Fashion

This Handloom Day, here is the story of how rural women are empowered to become successful weavers

Did you know that 95% of the world's handwoven fabric comes from India? Or that the handloom weaving sector is one of the largest economic sectors in India after agriculture? And yet, the handloom sector is an ailing industry. Today on National Handloom Day, we speak to the founder of Jaipur Rugs Company (JRC), Nand Kishore Chaudhary who started what was then a small business in 1978 with just two looms and today employs 40,000 weavers across different states that produce handwoven carpets. Chaudhary recalls, “I started my career selling shoes at my father’s shop in Rajasthan. But there was very little room to grow there. I borrowed ₹ 5,000 from my father and started with two looms and nine weavers in my house.”

Chaudhary soon realised that there was a huge demand for carpet exports and there were very few weavers in India. So he began working as a contractor manufacturer for rugs, which he continued to do for eight years. Later he began an export business in Jaipur with his brother. After three years, he realised that the weavers in Rajasthan couldn’t fulfil their demand. “So I went to Gujarat and trained 15,000 tribal men and women for carpet weaving. I stayed there for nine years. In 1999, I separated from my brother and started JRC,” says Chaudhary, who was drawn to Dharampur and its surrounding areas in Gujarat as the government was trying to train tribal communities.

Such a long journey

It wasn’t an easy task. At first, the tribals didn’t welcome him as they were wary of outsiders, who would often exploit them. Many of them were heavy drinkers. These communities were considered untouchables, and Chaudhary’s family, friends and even neighbours strongly opposed Chaudhary’s working with them.

“I realised how a man can be judged by his caste, and how hypocritical people are. But as people continued to reject me, I received more love from the weavers. I believe a person should only be judged by the purity of his actions,” says Chaudhary.

Today, JRC employs 40,000 weavers across Gujarat, Rajasthan, Uttar Pradesh, Jharkhand, Bihar and Odisha. Their successful business model, ensures that raw materials are delivered straight to the homes of the weavers without a middleman, has attracted attention from the likes of business philosopher Charles Handy. Recently, JRC also partnered with Airbnb, to offer experiential stays with weaving families at their villages.

Mumbai calling

In February this year, JRC opened a 4,000 square-foot store in Lower Parel. “We were almost pushed to come to Mumbai. We already have a good client base here, and work with quite a few interior designers and architects who have been requesting us to set shop here for almost two years now,” says Chaudhary’s son Yogesh and a JRC company director. The store, with its bare walls and high ceilings, designed by Ravi Vazirani is a befitting showcase for their rugs, each of which tells a story. Take for example, the Antar rug, woven by three weavers, where you can see the disagreement in the design opinion of its creators at the beginning of the pattern. And yet, it all comes together like a seamless design dialogue in the end. It’s a piece that’s won JRC an award at the German Design Council in 2015.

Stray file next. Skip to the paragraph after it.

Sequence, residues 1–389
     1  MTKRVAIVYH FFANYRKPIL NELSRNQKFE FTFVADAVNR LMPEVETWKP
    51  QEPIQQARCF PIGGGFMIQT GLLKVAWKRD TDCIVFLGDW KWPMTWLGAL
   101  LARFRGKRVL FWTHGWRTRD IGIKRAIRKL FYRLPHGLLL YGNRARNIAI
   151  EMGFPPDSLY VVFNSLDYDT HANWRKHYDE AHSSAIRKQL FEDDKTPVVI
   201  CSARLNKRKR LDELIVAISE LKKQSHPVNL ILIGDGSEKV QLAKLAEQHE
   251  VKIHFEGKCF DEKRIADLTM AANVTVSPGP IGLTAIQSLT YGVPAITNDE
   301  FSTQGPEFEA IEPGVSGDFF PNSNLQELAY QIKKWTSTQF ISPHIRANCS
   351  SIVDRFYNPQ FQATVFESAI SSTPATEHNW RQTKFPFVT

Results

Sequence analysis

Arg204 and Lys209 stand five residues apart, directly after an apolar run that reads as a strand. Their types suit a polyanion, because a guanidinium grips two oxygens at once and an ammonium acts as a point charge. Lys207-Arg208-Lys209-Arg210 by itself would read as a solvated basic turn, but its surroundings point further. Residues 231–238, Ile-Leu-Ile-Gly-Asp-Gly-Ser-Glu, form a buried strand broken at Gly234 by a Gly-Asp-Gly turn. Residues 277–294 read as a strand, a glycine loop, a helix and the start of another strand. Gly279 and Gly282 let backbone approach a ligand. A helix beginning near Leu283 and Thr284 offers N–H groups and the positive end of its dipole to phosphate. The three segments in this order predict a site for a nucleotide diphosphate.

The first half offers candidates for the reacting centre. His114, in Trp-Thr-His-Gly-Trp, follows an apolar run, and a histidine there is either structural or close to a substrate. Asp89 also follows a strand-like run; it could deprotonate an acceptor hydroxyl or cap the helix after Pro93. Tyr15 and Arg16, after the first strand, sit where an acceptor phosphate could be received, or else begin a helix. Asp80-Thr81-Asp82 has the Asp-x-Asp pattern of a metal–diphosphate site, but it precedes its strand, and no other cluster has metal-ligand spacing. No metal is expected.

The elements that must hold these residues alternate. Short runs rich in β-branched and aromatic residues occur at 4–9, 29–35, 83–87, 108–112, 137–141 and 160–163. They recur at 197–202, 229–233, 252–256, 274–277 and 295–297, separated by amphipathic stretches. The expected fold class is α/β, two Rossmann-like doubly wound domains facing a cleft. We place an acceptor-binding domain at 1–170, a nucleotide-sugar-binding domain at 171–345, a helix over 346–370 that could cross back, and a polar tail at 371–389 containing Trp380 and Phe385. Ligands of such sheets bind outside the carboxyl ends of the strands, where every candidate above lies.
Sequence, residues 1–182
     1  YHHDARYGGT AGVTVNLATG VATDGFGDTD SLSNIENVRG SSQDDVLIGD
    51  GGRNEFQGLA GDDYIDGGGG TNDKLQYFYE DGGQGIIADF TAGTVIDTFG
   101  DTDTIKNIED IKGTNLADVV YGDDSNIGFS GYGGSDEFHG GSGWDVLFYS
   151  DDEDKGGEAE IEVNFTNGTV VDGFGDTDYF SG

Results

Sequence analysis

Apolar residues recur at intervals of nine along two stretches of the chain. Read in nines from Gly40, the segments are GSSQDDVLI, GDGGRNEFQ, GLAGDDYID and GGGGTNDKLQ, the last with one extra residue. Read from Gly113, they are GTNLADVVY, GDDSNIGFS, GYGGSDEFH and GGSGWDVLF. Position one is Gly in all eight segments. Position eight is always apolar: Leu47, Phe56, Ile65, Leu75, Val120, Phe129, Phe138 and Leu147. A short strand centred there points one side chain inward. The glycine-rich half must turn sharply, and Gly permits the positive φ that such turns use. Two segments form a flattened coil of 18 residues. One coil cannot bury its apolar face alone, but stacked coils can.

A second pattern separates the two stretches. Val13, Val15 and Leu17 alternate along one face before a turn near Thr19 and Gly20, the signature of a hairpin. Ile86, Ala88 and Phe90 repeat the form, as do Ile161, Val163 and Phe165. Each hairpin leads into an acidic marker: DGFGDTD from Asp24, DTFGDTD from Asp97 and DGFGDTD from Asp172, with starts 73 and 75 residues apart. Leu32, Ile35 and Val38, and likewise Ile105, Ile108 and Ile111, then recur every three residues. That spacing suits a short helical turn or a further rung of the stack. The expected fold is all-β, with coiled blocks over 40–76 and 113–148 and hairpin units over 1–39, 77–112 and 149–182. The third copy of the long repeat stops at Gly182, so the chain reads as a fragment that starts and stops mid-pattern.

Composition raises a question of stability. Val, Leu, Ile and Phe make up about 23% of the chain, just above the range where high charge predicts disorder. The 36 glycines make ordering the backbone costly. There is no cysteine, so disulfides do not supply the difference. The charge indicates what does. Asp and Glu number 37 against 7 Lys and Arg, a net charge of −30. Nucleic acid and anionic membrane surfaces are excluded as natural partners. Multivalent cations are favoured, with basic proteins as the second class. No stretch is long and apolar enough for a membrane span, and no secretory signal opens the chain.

Creative collaborations

JRC’s hallmark is contemporary design in muted tones and subtle motifs. One of their recent collaborations was with Gauri Khan, whose collection is inspired by the mud walls of the weavers’ homes. It’s an aesthetic that’s been guided by Chaudhary’s daughter Kavita, who is JRC’s head of design.

The challenge, Kavita says was to develop a contemporary design style, which is largely abstract, inspired by nature and time. It was during her conversations with the weavers, Kavita realised that, “We are trained to think in a certain way, whereas the weavers, who have no design school training think differently.” And often what is designed on the computer, cannot always be translated on the loom in the exact way. “We are trying to create different colour blends and knots directly on the loom without designing them in the studio. With the inputs from the weavers, we realised that we can design something on the loom that we can’t think of on the computer. Developing this new language is also helpful as it beats the aggressive machine industry which sells cheaper copies of JRC designs. “The designs we develop with the artisans are so spontaneous on the loom, they become works of art and ultimately too complex to recreate on a machine,” says Kavita.

Empowering women

JRC imparts business training to women so they come at the front end of operations. These women are called the Bunkar Sakhis, or weaver managers.

“They have the wisdom, problem-solving skills, and they manage their homes in a small income, give education to their kids, while taking care of their health -- they are the best managers in the world. These women are trained to make their own decisions, work towards on-time delivery, zero wastage and zero defect. The ground-up model is the way of the future,” asserts Chaudhary.

Jaipur Rugs, 13 B/C, Sonam Studio, Sunmill compound, Sitaram Jadhav Marg, Lower Parel

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Printable version | Apr 21, 2021 1:58:33 PM | https://www.thehindu.com/life-and-style/fashion/weaving-success-stories/article28838323.ece

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